Catholic Culture Trusted Commentary
Catholic Culture Trusted Commentary

Blessed Liberty: The Posthumous Miracle of Antonio Rosmini

by Dario Antiseri, Sandro Magister


Antonio Rosmini (1797-1855) was a Catholic priest and founder of the Institute of Charity (a religious congregation). Rosmini was under condemnation by the Holy Office until six years ago when he was exonerated. He was proclaimed blessed on November 18, 2007. Dario Antiseri gives a summary of Rosmini's political philosophy, explaining that Rosmini's "first and fundamental concern in the political arena was that of establishing the conditions needed to guarantee the dignity and freedom of the human person."

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Sandro Magister, November 12, 2007

A beatification ceremony is approaching that is a miracle in its own right: the beatification of the priest and philosopher Antonio Rosmini.

It's a miracle because just six years ago, the new blessed was still under a condemnation issued in 1887 by the congregation of the Holy Office, against 40 propositions drawn from his writings.

Absolution came on July 1, 2001, with a note from the then-prefect of the congregation for the doctrine of the faith, cardinal Joseph Ratzinger.

And it was only after the removal of this obstacle that the cause of his beatification was put on the fast track.

Antonio Rosmini will be proclaimed blessed on Sunday, November 18, in Novara, the northern Italian diocese where he spent the last part of his life. Pope Benedict XVI has appointed cardinal Josè Saraiva Martins, the prefect of the congregation for the causes of saints, to preside over the celebration.

In addition to being a deeply spiritual priest, Rosmini was a profound thinker and a prolific writer. The complete edition of his works, being prepared by Città Nuova, will ultimately run to 80 large volumes. Fr. Umberto Muratore, a religious of the congregation that Rosmini founded, does not hesitate to compare him, as a philosopher, to giants like Saint Thomas and Saint Augustine.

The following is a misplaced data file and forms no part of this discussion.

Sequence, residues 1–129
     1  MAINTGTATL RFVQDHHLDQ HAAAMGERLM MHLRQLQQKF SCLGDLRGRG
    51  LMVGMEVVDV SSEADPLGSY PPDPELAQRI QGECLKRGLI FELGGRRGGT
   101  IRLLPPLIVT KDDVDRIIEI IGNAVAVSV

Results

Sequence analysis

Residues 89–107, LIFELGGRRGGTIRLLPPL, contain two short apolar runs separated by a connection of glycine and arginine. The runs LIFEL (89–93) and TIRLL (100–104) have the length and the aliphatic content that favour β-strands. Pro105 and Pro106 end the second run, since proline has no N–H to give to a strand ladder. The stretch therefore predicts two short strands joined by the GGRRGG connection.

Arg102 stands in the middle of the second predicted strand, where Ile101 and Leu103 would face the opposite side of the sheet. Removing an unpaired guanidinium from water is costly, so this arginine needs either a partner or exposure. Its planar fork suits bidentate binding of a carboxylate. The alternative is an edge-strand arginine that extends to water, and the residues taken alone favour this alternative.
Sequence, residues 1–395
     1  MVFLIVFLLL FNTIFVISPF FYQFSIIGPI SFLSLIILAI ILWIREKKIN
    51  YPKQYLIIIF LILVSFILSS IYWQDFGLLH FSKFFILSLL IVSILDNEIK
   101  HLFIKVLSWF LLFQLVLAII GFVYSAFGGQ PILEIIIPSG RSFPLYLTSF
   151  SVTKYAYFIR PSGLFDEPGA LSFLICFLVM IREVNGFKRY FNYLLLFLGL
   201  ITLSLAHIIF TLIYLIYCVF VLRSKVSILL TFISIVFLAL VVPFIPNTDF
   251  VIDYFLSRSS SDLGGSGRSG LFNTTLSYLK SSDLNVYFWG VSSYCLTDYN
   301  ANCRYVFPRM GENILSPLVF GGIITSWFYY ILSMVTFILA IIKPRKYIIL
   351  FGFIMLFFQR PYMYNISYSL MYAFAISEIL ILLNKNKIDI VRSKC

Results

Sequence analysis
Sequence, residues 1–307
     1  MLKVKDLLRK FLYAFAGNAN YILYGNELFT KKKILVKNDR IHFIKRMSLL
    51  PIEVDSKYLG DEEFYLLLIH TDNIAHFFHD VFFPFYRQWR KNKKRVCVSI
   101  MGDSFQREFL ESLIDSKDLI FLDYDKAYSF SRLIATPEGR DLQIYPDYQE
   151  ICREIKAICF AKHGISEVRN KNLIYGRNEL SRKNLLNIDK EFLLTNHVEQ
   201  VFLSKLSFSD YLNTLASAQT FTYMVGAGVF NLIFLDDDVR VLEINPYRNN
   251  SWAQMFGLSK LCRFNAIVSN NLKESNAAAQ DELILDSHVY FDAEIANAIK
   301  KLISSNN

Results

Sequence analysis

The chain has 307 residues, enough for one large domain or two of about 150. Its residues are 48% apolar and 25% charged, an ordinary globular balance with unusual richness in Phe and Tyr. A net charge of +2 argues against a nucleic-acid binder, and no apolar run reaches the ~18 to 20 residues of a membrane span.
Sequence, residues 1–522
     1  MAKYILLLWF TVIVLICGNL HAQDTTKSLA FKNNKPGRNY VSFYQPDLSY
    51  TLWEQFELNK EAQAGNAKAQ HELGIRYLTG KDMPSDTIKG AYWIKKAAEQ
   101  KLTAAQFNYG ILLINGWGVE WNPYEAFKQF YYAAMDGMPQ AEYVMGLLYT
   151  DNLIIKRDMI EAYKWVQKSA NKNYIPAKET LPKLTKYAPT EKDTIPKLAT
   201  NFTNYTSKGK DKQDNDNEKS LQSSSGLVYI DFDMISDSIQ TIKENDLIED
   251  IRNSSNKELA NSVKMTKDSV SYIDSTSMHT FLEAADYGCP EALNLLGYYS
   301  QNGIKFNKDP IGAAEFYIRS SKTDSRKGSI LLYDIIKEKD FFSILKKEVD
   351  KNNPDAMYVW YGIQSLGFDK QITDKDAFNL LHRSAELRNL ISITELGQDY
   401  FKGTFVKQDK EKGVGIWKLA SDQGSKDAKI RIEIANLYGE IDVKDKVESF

Of his books, the one still most widely read and translated is "Delle cinque piaghe della santa Chiesa [Of the Five Wounds of the Holy Church]." One of the wounds that he denounced was the ignorance of the clergy and the people in celebrating the liturgy. But it is a mistake to view him as a standard bearer for the abandonment of the use of Latin. He wrote, instead, that "reducing the sacred rites to the vernacular languages would mean resorting to a remedy worse than the disease."

He was also a great political theorist. He was a dyed-in-the-wool liberal during a period – the mid-19th century – when liberalism, for the Church, was synonymous with the devil. In his book "Filosofia della politica [Philosophy of Politics]," Rosmini expresses his admiration for "Democracy in America," the masterpiece of his contemporary Alexis de Tocqueville, a founding father of faith-friendly liberalism.

Rosmini anticipated by more than a century the statements on religious freedom affirmed by Vatican Council II. He was a critic of Catholicism as a "religion of the state." He was a tireless defender of the freedom of citizens and of "intermediate bodies" against the abuses of an omnipotent state.

It is not surprising, therefore, that those spreading Rosmini's thought in the Catholic camp today are above all the proponents of a form of liberalism open to religion, which in Europe has its leading figures in the "Vienna school" of Ludwig von Mises and Friedrich von Hayek.

The portrait of Rosmini reproduced below was written by a prominent representative of these Catholic thinkers, Dario Antiseri, a professor at the Libera Università degli Studi "Guido Carli" in Rome, and the author of a highly respected "History of Philosophy" translated into a number of languages. His portrayal was published on November 1 in the newspaper of the Italian bishops' conference, "Avvenire."

Antiseri focuses his attention on just one aspect of the figure of Rosmini, his political theories. But this may be the aspect that best displays his originality. Rosmini's ideas are still distasteful to many Catholics, bishops and priests included.

Even after Rosmini's beatification, his thought will still have a long road ahead of it before it becomes accepted language in the Catholic Church.

Rosmini, the Anti-totalitarian

by Dario Antiseri

Antonio Rosmini's first and fundamental concern in the political arena was that of establishing the conditions needed to guarantee the dignity and freedom of the human person. And it is in this perspective that, in his view, the question of property becomes crucial.

In opposition to socialist economic theory, Rosmini clearly maintains the connection between private property and individual freedom.